If nothing else works, Charles Stuart Platkin, the Miami Beach-based Diet Detective, will badger you into losing weight. • There was Jennifer Cadle, 276 pounds. He bought her a huge chocolate cake — her weakness — and had her cut a big slice and put it in a box. "You'd have to walk 2 ½ hours to work that off," he told her. • Then he made her walk the 2 ½ hours carrying the boxed slice of cake. • "At least let me eat the cake," she pleaded. • "You're not eating that cake," he barked.
At 399-pound Micah Molinari's house, Platkin purged the refrigerator of fattening foods and poured a gallon of rum down the drain.
"That hurt," Molinari recalls. "I do enjoy my cocktails."
Both interventions were public — featured on Platkin's WE-TV cable network program I Want to Save Your Life, a reality show for the overweight. (You can see those episodes and many others on an afternoon-long marathon, July 15 on WE starting with Cadle's story at 1:30 p.m.)
Platkin makes no apology for his approach.
"These people have really reached the last straw. They're looking for help."
His diet plans seem pretty standard — avoid red meat, eat chicken, fish and vegetables, egg whites, oatmeal, skim milk and such. His exercise plans seem unremarkable, too — walking, core training, yoga, Pilates.
Motivation is the key for Platkin, an associate professor of public health at Florida International University and the author of five books, including The Diet Detective's Count Down. He also dispenses advice at his Web site, www. dietdetective.com.
Platkin pries into his clients' lives to see what's important to them, then convinces them they're going to lose it if they don't take off pounds.
It worked on Molinari: "I have a 5-year-old daughter, Sydney. She's my life. I need to be healthy so I'm there when she needs me."
He lost 100 pounds in 17 weeks.
In preparing for the TV show, which debuted in April, Platkin requires diet clients to fill out a 40-page questionnaire. They also must give him permission to interrogate family and friends, and to show up and videotape at any time.
One Saturday six months ago, Molinari had friends over at his apartment when one of them said, "I'm starving. Let's order a pizza."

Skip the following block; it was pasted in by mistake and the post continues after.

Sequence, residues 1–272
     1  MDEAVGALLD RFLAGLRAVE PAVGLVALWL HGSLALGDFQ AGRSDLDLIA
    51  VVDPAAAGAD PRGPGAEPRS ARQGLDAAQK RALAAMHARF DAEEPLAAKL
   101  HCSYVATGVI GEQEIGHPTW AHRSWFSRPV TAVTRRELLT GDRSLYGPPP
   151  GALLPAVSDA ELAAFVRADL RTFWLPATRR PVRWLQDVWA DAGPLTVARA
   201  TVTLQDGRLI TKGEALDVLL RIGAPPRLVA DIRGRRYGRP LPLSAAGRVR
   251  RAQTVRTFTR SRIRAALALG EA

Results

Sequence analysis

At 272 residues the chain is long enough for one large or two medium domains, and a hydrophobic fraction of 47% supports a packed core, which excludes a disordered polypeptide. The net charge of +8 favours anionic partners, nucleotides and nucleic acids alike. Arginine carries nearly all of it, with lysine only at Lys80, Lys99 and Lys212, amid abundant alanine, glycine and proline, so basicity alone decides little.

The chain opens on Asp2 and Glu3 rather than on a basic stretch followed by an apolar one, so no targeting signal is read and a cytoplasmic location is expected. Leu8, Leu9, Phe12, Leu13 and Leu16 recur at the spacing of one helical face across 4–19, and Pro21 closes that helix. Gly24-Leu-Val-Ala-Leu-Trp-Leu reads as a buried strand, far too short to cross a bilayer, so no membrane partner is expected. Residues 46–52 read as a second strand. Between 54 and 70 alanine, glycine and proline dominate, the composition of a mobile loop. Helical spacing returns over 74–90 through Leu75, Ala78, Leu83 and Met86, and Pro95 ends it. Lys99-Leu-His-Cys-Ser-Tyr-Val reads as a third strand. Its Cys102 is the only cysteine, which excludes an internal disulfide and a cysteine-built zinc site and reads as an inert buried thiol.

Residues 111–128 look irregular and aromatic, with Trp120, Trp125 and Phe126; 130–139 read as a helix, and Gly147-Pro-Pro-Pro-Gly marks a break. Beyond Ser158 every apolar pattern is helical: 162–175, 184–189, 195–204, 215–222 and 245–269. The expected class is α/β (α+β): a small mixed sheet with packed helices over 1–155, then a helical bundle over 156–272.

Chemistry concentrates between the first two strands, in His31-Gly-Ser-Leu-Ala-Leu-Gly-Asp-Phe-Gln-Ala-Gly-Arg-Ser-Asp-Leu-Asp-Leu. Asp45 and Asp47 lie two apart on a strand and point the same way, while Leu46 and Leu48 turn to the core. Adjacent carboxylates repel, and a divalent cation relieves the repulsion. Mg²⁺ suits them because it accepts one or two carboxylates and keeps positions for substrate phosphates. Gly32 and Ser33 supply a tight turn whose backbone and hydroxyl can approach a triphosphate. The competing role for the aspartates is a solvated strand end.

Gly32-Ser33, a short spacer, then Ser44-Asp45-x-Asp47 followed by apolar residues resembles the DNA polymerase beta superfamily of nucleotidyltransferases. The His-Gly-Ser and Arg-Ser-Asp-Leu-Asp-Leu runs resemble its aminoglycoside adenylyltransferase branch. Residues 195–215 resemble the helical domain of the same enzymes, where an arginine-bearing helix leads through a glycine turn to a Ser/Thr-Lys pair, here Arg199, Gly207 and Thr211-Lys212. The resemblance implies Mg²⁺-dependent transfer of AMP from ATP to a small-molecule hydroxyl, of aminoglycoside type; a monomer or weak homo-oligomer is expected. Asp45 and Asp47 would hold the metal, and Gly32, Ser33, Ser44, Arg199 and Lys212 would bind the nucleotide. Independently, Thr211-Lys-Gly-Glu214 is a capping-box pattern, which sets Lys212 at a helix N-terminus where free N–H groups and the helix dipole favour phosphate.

As secretly prearranged, the friend called Platkin, not Pizza Hut.
Molinari recalls: "About half an hour later there's a knock on my door. There's this pizza guy with a box. But he calls me by name and cameras come flying out of everywhere. I almost had a heart attack."
It was Platkin with a production crew and some pizza ingredients: whole grain crust, low-fat mozzarella, fresh basil, tomatoes and garlic.
They made it on the spot.
"It actually tasted pretty good," says Molinari, 31, a window-treatment designer and tour guide.
While Platkin might spend several days with the clients he features on his TV show, he also peppers his regular online clients with information. They can sign up for a $4-a-week subscription weight-loss program with custom menus and recipes. There are links to his columns and journals for tracking exercise.
Platkin says dieters should rely not on willpower, but on research and planning. If you are going to a new restaurant, visit its Web site first and scan the menu for healthy choices.
Platkin spent years practicing for what he someday would preach. Growing up in New York City, he was always heavy.
"I was on Dr. Atkins at age 10. I was ostracized in school. I was called fat by a teacher once. It was traumatic."
As he reached his 30s, he worried about his health. His grandfather, father and uncle all had diabetes.
Platkin's epiphany came after he earned a law degree from Cornell, realized he didn't want to be a lawyer and was working up a pitch for a magazine story on how people could change lifelong behaviors. He had pored over behavioral studies, consulted experts, drafted an outline.
"But I didn't believe a word I'd written," he says. "I knew it in theory, but in practice I thought it was hogwash. Finally, I decided I had to apply it to myself. It changed my life."
Platkin wrote his first book, Breaking the Pattern, in 2002 and applied it to himself. Today, at 46 and 5 feet 9, he weighs 164 pounds.
In 2001, wanting to leave Manhattan after 9/11, Platkin and his wife, Shannon, a catalog model and personal trainer, moved to Miami, where he earned a master's degree in public health from FIU. Today, he's an adjunct professor there, teaching and working on his doctorate.
SOMETIMES THEY CRY
Platkin concedes that his motivational techniques can be hard on dieters. In one episode, he reduced 258-pound Sussy Taveras to tears by telling her she was in danger of dying from a heart attack and never seeing her daughter graduate from college.
"I was so stressed," says Taveras, 27, of Miami. "My daughter's father had just died, I had moved in with my mother, I was overweight. I ate rice and everything fried. I just didn't care."
Under Platkin's guidance, she went from 258 to 203 pounds in six months, with a goal of 140 pounds.
"He told me what I needed to hear. He said, 'You're a strong, powerful woman.' He made me feel like I was worth the time."